Since 2010, nearly 60 buildings have risen within a square mile of booming neighborhood
Anyone returning to Midtown for the first time in a while has probably had that surreal experience of turning a corner and seeing a new city, a high-rise wall unfurling down the street that wasn’t there before.
Midtown Alliance has lent context as to why that happens.
As part of a debriefing event last week, Midtown Alliance CEO and president Kevin Green presented an updated aerial rendering depicting what’s been built across the booming subdistrict in the past decade and what’s to come.
Across roughly one square mile, 57 buildings have delivered since 2010, with the majority of them classified by Midtown Alliance as “major” developments.
Eight of them have opened this year alone.
The groundswell of investment in the once-sleepy district shows few signs of slowing.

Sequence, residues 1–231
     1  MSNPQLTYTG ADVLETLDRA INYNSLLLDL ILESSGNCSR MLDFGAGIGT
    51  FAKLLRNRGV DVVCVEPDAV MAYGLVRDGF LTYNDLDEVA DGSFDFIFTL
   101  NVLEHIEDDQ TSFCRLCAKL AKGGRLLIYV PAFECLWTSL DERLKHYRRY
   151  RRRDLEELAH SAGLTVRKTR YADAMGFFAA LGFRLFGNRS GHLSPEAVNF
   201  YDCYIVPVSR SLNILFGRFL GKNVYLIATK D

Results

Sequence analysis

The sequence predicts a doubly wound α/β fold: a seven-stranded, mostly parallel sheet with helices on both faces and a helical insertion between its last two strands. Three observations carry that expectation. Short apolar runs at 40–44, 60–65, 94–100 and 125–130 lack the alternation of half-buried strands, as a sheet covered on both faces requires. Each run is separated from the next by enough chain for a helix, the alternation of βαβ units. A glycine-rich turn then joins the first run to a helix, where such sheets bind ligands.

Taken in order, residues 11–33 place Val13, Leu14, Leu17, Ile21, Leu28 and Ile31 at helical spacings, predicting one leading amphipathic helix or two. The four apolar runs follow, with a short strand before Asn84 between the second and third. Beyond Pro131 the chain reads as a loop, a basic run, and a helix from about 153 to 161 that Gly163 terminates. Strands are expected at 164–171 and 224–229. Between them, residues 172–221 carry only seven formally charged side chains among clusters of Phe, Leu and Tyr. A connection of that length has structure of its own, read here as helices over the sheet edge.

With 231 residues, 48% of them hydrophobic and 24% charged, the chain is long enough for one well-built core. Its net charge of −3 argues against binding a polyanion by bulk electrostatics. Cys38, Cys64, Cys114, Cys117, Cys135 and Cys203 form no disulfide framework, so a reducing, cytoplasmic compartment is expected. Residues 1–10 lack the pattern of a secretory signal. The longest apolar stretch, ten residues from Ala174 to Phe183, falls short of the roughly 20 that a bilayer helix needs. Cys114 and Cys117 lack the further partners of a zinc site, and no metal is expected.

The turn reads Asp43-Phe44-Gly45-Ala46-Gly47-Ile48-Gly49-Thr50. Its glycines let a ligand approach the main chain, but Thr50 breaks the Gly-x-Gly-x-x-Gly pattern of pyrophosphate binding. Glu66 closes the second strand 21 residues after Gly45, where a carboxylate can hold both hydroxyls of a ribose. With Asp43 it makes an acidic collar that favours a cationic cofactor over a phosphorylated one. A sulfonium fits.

Another 16 projects are under construction—including skyline-altering builds like Middle Street Partners’ 1081 Juniper towers—while another 10 buildings have cleared the development review process, according to Midtown Alliance.
In pandemic-addled 2021 alone, 10 projects have come before the Midtown Development Review Committee. If built as planned, they would bring nearly 2,000 more residential units, 60,000 square feet of retail, and more than 748,000 square feet of offices.
To put those numbers in visual terms, Midtown Alliance color-coded buildings in a recent aerial photo and inserted approximations of where major proposals would stand.
As staggering as that visual may be, eagle-eyed observers online pointed out that it’s actually missing a few under-construction projects, such as Toll Brothers’ 36-story Momentum Midtown and Portman Holdings’ first residential tower in the city. (Labeling Selig’s curvy 1010 Midtown condos as a post-2010 delivery, and calling John Dewberry’s supposedly viable Campanile redo “under construction” could also be described as fast and loose.)
In any case, as the illustration clearly shows, Midtown is evolving at a rapid clip, and former surface parking blocks and low-rise lots have become dense urban scenes like these below, with more on the way:
DECEMBER 06, 2021
BY JOSH GREEN – Urbanize Atlanta